“You big bozo,” he said to me by way of explanation. “Are you completely clueless?”
Apparently, I was. I had no idea what he was talking about. “What do you mean?”
“It’s Valentine’s Day today,” he said. He turned to skate backwards as he faced me. I was doing my best to keep up because my big brother was a pretty good skater. “Valentine’s Day is a big romantic holiday,” he added to make his point perfectly clear to his clueless younger brother. “It’s a big deal for Mom and Dad.”
He shrugged his shoulders. “It just is.”
That didn’t help.
Nor did it later when I tried to get an answer from Mom. “Why is Valentine’s Day such a big deal?” I asked her.
Mom hugged me. I was helping her fold laundry. “Oh, honey,” she said. “It just is.”
Which didn’t help much, either. Nor when my friend Arty filled me in. “It’s all about romance,” he said, grinning. “It’s a time when parents make babies.”
He nodded. “Yep.”
Amazing. I had so much to learn. But, at the time, for me, that was good enough.
However, the old I got, the more the real reason became clear. At least in our family. Back then, Mom was what you would call a little sensitive to things. Seeing new babies or puppies or kittens made her tear up. Same with certain shows on television. Holidays, too.
She loved to get gifts, and it’s my belief that she knew Dad had planned on doing something special for her on that day, the day I spoiled so momentously when I’d heaved the orange juice at Eric. She just didn’t know what it was that he planned to do, and my behavior spoiled the surprise. In her mind, she saw a nice, mellow, trouble filled day (mostly with my dad) and I’d ruined the mellowness part of it. Who knew? It was my first exposure to how complicated life really was.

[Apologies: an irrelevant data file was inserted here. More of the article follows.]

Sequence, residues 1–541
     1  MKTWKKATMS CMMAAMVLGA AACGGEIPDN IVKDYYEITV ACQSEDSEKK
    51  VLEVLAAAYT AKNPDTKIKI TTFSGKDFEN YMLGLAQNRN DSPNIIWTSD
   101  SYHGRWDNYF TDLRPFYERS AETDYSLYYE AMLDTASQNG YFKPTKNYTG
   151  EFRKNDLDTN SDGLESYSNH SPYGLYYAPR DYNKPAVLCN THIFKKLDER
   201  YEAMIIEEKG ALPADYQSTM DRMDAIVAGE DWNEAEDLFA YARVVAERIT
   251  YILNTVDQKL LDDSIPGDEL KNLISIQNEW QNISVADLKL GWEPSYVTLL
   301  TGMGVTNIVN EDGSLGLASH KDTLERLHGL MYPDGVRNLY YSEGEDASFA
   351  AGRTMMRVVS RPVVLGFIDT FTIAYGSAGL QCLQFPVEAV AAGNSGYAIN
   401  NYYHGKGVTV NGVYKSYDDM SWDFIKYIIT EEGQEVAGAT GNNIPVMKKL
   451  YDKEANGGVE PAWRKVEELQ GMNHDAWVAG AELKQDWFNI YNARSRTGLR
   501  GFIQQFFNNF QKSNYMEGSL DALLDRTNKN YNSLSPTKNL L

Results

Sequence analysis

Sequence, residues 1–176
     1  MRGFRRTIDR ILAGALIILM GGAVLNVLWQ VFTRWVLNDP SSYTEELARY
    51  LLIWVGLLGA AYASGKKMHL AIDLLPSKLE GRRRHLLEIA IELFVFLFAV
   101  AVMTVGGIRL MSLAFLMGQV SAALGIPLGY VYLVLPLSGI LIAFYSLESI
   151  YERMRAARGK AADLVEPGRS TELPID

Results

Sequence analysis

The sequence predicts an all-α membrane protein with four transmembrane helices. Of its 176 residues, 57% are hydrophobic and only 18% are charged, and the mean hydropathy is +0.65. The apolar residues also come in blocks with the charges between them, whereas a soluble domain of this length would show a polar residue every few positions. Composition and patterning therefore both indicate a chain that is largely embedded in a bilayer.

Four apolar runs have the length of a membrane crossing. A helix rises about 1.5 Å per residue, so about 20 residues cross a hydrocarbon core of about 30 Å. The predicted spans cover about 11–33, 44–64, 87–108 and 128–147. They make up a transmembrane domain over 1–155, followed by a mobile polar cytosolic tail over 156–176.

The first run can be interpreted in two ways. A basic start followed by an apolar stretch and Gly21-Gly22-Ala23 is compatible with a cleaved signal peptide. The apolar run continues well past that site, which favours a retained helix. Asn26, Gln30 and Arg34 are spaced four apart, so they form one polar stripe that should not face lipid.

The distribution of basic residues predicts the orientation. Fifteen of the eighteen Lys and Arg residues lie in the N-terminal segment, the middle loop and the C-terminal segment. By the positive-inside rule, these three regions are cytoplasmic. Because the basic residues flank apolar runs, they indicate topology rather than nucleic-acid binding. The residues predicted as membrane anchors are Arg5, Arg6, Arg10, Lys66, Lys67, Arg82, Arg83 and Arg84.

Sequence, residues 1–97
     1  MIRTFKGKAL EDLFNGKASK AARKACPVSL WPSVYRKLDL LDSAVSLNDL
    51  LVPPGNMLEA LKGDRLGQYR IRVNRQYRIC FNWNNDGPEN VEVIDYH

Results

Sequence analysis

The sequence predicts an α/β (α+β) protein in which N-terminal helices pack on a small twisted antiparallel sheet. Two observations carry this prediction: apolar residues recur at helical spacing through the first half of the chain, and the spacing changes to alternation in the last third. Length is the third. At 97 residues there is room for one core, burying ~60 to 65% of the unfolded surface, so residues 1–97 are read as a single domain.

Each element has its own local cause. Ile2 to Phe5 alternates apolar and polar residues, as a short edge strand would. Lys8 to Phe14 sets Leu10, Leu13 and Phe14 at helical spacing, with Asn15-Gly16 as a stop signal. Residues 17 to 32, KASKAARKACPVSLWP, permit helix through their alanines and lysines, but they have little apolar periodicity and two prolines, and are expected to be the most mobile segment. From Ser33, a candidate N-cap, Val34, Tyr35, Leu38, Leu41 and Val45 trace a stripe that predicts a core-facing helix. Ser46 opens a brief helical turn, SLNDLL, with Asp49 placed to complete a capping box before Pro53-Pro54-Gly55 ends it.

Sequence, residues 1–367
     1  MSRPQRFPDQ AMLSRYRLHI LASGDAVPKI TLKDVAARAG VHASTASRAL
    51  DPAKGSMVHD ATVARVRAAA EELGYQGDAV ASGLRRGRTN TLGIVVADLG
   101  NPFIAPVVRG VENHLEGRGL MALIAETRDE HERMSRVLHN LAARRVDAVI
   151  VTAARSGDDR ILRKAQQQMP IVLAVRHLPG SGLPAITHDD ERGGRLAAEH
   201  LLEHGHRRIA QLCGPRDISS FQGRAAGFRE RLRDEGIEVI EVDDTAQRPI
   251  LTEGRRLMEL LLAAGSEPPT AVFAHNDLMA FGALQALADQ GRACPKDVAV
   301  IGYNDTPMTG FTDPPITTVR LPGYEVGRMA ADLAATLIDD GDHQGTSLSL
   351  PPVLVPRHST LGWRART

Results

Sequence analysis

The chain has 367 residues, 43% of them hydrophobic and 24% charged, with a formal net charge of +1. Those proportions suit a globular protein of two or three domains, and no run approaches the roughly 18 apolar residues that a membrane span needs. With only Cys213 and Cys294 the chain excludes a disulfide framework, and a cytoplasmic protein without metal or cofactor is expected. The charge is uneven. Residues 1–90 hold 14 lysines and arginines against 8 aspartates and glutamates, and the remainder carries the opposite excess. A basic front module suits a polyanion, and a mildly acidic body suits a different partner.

But on the day of the orange juice incident, I had no idea about any of that stuff. All I knew is that I’d made Mom sad and I wanted to do something about it. So, I did.
After Eric and I got back from skating, I went to our bedroom and got out some color construction paper and sat at desk (on a pillow for my sore butt) and went to work. Eric didn’t even bother me. He must have known I was serious because I was. I made Mom a Valentines’ Day card. It was the first one I’d ever made, but once I knew it was Valentine’s Day, I remembered seeing pictures of them.